It means 10 terrifying tales that you'll experience in 3 parts: A frightful audio introduction. Several spooky pages of text. And a creepy video conclusion you can watch online. All in 15 minutes or less.

Step into the world of 3:15 and you'll meet Cody Miller, whose greed leads to a grave mistake; Emma Franklin, who learns that not all childhood fears are foolish; Dylan Smith, who should know better than to show off his snowboarding skills on a haunted mountain; and more.

Don't get too attached to any of them.

Click here to watch the video.

Sideways Stories from Wayside School by Louis Sachar

Publisher Description

Lois Sachar, best-selling author of the Wayside School series, knows how to make kids laugh. And there are laughs galore in this popular book, now available again in hardcover. Meet Mrs. Gorf, the teacher who turns the students in Wayside School into apples.

Humorous episodes from the classroom on the thirtieth floor of Wayside School, which was accidentally built sideways with one classroom on each story.

A Tale Dark and Grimm by Adam Gidwitz

Publisher Description

In this mischievous and utterly original debut, Hansel and Gretel walk out of their own story and into eight other classic Grimm-inspired tales. As readers follow the siblings through a forest brimming with menacing foes, they learn the true story behind (and beyond) the bread crumbs, edible houses, and outwitted witches.

Fairy tales have never been more irreverent or subversive as Hansel and Gretel learn to take charge of their destinies and become the clever architects of their own happily ever after.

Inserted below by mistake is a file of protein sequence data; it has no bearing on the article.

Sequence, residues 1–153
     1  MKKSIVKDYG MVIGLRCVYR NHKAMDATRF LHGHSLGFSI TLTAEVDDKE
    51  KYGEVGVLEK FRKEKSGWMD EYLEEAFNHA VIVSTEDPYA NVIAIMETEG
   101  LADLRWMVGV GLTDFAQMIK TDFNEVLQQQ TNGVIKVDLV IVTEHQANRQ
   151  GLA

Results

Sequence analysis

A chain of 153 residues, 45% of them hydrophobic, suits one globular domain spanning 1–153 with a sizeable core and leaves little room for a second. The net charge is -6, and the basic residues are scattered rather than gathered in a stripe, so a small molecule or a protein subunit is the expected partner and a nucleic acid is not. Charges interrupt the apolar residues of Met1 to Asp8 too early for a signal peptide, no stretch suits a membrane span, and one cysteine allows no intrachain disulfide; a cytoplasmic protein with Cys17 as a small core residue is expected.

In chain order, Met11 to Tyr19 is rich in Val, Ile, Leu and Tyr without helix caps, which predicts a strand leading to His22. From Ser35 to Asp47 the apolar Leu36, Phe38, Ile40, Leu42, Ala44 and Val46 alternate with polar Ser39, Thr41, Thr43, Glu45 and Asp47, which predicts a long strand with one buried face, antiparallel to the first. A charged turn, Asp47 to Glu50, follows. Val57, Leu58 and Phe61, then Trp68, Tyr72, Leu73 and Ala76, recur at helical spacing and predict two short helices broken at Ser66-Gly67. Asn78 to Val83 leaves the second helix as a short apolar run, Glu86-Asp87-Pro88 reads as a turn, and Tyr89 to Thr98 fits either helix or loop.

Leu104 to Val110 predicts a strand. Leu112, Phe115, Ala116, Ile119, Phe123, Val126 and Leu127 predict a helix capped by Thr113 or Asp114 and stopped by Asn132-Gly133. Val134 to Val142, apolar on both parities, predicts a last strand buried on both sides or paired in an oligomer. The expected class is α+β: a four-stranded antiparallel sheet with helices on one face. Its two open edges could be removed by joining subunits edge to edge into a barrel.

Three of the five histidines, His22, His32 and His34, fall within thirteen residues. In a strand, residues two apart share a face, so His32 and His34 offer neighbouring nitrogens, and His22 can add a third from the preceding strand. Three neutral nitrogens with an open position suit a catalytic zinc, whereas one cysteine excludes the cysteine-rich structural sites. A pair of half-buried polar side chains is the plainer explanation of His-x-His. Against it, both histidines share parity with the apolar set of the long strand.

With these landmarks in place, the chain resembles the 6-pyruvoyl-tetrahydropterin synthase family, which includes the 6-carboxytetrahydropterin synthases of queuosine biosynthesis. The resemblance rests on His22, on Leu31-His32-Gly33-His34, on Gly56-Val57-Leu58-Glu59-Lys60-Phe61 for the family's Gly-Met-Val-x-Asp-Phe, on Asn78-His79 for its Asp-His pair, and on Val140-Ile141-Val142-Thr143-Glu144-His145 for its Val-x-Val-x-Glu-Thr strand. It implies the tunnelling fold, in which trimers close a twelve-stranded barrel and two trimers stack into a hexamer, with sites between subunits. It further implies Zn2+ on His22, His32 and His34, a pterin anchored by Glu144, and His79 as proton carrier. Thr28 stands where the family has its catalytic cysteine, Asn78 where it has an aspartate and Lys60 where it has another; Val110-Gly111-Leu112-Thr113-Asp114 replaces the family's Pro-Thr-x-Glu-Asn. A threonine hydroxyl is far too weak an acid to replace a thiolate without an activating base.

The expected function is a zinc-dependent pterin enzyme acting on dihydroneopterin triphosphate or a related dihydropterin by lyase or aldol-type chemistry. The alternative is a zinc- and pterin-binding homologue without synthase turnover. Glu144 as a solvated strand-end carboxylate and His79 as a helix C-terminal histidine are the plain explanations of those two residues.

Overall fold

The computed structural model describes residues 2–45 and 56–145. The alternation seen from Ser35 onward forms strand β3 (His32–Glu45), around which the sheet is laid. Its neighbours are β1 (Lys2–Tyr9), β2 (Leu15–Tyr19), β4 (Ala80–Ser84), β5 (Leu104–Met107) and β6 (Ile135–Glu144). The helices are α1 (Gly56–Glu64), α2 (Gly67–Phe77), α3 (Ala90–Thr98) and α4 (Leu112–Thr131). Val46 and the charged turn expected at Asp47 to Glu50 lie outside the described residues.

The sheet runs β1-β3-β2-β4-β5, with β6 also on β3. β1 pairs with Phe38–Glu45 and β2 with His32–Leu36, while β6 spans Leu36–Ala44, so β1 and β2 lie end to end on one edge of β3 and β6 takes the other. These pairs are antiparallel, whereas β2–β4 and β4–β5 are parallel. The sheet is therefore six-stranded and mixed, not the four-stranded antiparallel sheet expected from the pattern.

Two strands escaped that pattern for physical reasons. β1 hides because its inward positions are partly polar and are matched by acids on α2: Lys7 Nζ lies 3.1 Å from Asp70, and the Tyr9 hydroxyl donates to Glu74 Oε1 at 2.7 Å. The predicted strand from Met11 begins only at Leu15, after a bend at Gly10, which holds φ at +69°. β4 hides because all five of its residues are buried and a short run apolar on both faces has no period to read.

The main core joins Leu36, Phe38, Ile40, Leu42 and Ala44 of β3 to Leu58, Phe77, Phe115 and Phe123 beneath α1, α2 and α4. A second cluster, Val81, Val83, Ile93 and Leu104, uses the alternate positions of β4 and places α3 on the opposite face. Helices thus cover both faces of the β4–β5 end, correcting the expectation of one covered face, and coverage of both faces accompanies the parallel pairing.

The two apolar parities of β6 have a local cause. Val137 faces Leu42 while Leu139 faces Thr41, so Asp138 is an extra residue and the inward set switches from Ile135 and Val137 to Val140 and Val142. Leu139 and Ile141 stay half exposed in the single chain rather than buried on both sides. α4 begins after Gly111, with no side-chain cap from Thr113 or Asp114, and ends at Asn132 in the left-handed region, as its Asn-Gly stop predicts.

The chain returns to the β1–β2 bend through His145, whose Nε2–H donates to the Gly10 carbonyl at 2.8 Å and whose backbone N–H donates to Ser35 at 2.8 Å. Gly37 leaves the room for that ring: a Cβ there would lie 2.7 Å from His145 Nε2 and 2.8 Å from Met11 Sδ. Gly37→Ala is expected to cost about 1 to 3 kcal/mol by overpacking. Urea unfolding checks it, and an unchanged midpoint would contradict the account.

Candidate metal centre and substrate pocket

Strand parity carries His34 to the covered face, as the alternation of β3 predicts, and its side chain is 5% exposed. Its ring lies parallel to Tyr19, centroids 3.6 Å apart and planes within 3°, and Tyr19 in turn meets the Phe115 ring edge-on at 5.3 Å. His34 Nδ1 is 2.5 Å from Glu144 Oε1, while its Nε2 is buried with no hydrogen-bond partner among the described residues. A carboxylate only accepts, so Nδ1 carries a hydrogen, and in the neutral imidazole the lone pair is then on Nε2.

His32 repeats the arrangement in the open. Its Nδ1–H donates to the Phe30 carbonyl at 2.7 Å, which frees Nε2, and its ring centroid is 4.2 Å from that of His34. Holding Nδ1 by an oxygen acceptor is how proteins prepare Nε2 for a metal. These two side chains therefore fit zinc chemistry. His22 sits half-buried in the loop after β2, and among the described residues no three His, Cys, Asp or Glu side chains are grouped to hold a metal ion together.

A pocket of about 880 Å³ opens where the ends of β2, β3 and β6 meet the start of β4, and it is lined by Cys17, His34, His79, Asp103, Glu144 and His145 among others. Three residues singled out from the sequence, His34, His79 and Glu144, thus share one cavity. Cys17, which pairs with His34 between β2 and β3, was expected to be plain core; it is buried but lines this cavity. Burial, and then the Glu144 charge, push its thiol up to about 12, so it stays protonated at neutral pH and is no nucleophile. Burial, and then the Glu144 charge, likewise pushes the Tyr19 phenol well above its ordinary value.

The Invention of Hugo Cabret by Brian Selznick

I posted about Hugo on January 20, 2011.

Darth Paper Strikes Back by Tom Angleberger

It's the rarest of feats, when quality and popularity align. So often books contain one or the other – Darth Paper Strikes Back has both. Continuing the story of outcast Dwight and his curiously sage Jedi finger puppet, each interconnected chapter reads like a short story – at turns funny, touching, and odd. Containing all the heart and humor of its predecessor (2010 Top Book The Strange Case of Origami Yoda), this is not the sequel slump you may have been looking for. You can go about your business. Move along… move along. -Travis Jonker

Wonderstruck by Brian Selznick

Brian Selznick is a visionary. I never thought he could top his innovative, brilliant Caldecott-winner The Invention of Hugo Cabret. Well, guess what, ladies and gentlemen?Wonderstruck manages that feat. Selznick works as author, illustrator, and magician as he weaves the stories of Ben and Rose into one masterful tale. The stories take place 50 years apart – one told through intricate black and white pencil illustrations, the other through text. Readers will gasp at the ending and wonder HOW Selznick pulled off this masterpiece. It seems nothing short of magic. Selznick has given us a gift – that rare reading experience you are certain cannot be duplicated. Our top children’s book of 2011. -John Schumacher & Travis Jonker


  1. Love this.

    Will have to try this since checkout is now over.

    Having a hard time getting accurate stats since they "upgraded" my system. What does your school use?

  2. Hi Mr. Schu - What a great surprise! More of your most circulated books. I really love to see what is flying out of other people's libraries. In fact, the list that you posted last week inspired me to create a list of my own and host a "Block Party" for fellow blogging librarians to link up their own lists. I gave your blog a shout out:) Now, I must go and update my summer reading list with some proven winners from here.


Post a Comment

Popular Posts